Mapping the mind: bridge laws and the psycho-neural interface

Synthese 193 (2):637-657 (2016)
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Abstract

Recent advancements in the brain sciences have enabled researchers to determine, with increasing accuracy, patterns and locations of neural activation associated with various psychological functions. These techniques have revived a longstanding debate regarding the relation between the mind and the brain: while many authors claim that neuroscientific data can be employed to advance theories of higher cognition, others defend the so-called ‘autonomy’ of psychology. Settling this significant issue requires understanding the nature of the bridge laws used at the psycho-neural interface. While these laws have been the topic of extensive discussion, such debates have mostly focused on a particular type of link: reductive laws. Reductive laws are problematic: they face notorious philosophical objections and they are too scarce to substantiate current research at the intersection of psychology and neuroscience. The aim of this article is to provide a systematic analysis of a different kind of bridge laws—associative laws—which play a central, albeit overlooked role in scientific practice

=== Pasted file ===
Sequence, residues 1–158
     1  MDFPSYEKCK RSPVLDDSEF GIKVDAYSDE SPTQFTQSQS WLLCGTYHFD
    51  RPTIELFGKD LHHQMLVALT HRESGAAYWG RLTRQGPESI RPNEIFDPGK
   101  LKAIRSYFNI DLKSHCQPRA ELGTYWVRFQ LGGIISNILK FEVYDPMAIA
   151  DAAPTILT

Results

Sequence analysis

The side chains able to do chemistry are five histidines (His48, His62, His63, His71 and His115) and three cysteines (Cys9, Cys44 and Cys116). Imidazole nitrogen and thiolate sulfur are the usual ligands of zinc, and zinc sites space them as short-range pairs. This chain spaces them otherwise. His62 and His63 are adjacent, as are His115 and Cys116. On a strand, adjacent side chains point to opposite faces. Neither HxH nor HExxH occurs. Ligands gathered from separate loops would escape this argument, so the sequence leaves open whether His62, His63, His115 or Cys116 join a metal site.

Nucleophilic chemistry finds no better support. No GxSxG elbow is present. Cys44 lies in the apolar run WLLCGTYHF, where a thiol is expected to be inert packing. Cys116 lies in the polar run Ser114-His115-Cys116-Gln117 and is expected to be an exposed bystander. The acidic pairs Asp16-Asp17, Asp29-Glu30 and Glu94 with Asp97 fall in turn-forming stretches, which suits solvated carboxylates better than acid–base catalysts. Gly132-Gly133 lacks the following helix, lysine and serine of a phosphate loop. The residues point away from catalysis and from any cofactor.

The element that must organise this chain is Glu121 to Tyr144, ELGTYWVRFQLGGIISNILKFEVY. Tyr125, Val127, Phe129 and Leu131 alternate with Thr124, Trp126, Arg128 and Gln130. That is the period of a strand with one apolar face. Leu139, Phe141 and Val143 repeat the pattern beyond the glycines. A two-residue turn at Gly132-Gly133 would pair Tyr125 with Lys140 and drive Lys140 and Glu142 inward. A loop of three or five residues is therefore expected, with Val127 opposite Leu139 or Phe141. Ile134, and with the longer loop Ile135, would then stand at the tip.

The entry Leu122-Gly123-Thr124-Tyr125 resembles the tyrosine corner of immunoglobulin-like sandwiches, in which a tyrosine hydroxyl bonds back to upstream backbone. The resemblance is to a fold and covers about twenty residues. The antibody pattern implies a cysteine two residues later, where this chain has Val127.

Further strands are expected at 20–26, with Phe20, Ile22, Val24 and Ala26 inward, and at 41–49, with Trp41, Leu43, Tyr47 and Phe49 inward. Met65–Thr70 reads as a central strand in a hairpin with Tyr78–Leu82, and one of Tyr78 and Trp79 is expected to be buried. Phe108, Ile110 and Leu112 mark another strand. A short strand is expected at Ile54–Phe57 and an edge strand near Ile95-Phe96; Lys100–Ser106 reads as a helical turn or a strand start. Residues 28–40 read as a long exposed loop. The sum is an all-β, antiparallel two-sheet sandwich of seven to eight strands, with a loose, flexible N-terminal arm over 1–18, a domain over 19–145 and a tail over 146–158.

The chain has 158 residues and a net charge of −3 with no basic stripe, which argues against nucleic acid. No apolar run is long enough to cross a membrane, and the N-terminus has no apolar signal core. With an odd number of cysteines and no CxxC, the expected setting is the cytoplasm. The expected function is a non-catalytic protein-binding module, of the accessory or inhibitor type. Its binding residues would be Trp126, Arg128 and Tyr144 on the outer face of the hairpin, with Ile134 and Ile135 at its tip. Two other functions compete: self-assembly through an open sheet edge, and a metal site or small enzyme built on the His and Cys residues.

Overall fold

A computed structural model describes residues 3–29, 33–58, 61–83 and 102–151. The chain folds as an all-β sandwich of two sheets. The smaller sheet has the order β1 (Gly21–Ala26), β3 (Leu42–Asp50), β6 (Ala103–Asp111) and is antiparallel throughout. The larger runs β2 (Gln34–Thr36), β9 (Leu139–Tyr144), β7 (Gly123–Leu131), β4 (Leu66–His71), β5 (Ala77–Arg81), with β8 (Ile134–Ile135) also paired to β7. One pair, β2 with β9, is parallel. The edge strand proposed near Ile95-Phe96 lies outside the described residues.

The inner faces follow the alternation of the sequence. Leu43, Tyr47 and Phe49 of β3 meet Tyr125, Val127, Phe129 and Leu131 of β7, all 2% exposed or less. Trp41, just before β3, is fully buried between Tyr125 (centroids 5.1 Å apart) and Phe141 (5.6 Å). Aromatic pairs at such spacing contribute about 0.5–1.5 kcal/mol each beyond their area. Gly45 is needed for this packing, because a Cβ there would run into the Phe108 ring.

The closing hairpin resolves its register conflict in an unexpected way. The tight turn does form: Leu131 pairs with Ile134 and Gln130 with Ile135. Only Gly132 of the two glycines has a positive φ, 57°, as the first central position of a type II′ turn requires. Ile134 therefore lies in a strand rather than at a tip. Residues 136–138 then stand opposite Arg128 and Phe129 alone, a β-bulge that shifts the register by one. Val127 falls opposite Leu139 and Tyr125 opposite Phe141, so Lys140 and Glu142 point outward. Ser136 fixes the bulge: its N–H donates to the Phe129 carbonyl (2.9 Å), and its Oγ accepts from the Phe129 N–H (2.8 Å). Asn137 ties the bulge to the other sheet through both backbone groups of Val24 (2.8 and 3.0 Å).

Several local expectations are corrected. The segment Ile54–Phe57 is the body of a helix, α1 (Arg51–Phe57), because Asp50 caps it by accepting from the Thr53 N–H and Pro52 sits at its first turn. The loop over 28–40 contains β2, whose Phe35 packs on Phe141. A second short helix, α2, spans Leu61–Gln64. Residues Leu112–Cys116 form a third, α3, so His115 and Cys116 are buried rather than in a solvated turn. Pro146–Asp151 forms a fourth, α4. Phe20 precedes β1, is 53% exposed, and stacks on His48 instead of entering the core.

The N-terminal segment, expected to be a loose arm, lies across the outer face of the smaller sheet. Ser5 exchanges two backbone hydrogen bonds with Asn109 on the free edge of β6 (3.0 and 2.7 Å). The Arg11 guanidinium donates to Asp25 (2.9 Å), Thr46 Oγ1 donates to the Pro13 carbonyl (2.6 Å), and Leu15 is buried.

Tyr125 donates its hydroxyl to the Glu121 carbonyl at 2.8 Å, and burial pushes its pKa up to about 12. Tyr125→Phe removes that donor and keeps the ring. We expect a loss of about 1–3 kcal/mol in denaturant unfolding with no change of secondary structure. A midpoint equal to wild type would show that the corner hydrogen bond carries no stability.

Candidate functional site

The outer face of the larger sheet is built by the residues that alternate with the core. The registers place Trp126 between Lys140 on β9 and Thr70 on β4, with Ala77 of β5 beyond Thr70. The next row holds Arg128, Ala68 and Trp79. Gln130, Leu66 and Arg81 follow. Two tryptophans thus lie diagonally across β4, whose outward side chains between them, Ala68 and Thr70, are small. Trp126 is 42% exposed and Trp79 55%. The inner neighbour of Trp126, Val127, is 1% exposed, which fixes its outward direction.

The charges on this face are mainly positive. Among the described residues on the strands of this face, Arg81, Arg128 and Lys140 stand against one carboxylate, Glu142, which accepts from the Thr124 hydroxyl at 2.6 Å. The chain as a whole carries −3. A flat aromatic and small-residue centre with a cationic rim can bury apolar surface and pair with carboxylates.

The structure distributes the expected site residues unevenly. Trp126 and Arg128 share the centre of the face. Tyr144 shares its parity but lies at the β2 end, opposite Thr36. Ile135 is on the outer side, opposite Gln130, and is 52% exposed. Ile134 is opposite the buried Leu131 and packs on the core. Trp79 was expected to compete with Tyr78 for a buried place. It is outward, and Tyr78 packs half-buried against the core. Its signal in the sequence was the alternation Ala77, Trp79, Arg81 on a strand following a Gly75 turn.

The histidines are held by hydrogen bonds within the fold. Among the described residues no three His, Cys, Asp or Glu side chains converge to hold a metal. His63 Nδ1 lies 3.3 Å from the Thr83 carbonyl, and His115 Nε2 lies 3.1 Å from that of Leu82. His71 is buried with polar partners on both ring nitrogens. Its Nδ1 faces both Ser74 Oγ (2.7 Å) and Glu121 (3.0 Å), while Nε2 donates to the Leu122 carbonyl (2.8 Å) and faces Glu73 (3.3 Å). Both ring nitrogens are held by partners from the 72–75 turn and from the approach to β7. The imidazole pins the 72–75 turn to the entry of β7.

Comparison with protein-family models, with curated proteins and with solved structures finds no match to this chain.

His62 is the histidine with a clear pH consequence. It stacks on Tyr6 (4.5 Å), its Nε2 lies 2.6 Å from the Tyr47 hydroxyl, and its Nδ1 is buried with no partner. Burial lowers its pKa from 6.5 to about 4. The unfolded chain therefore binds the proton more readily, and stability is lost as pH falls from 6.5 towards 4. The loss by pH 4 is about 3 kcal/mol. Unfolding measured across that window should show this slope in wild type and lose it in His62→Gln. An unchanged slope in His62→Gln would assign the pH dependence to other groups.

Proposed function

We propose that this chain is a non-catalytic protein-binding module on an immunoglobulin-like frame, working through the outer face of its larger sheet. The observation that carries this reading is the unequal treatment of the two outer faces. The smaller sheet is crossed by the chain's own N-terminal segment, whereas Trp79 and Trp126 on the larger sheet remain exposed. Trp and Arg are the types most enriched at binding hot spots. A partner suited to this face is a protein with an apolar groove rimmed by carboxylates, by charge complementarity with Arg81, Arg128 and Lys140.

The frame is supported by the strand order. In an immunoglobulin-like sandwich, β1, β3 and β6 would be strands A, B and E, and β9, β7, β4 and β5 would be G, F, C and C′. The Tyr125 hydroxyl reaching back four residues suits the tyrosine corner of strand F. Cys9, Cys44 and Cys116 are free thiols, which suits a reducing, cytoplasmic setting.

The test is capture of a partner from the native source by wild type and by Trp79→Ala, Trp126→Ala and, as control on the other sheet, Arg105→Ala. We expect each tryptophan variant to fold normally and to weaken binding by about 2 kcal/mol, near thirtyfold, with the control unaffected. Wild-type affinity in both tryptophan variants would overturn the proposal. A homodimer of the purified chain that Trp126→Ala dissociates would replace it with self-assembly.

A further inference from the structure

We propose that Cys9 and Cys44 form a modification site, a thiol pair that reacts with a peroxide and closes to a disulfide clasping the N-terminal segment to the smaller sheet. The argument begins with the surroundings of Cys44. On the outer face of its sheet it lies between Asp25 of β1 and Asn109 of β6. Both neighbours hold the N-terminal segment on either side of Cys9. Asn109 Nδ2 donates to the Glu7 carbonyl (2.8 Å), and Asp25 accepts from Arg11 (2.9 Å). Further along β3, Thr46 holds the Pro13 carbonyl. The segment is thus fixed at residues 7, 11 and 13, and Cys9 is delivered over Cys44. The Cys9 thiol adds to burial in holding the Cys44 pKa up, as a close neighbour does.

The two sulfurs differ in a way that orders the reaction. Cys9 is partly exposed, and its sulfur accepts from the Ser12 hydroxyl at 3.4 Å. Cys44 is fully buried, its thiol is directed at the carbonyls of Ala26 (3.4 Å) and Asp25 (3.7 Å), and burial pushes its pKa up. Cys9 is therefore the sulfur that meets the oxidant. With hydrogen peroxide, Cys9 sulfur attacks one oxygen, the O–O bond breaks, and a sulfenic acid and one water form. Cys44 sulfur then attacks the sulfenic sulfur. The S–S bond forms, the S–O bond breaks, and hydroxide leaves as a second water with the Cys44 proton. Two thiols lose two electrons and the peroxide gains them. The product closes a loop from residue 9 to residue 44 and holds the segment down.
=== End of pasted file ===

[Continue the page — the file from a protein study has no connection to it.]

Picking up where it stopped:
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Author Profiles

Guillermo Del Pinal
University of Massachusetts, Amherst
Marco J. Nathan
University of Denver

Citations of this work

Mixtures and Psychological Inference with Resting State fMRI.Joseph McCaffrey & David Danks - 2022 - British Journal for the Philosophy of Science 73 (3):583-611.

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References found in this work

What do philosophers believe?David Bourget & David J. Chalmers - 2014 - Philosophical Studies 170 (3):465-500.
Physicalism, or Something Near Enough.Jaegwon Kim - 2005 - Princeton University Press.
The Structure of Science.Ernest Nagel - 1961 - Les Etudes Philosophiques 17 (2):275-275.

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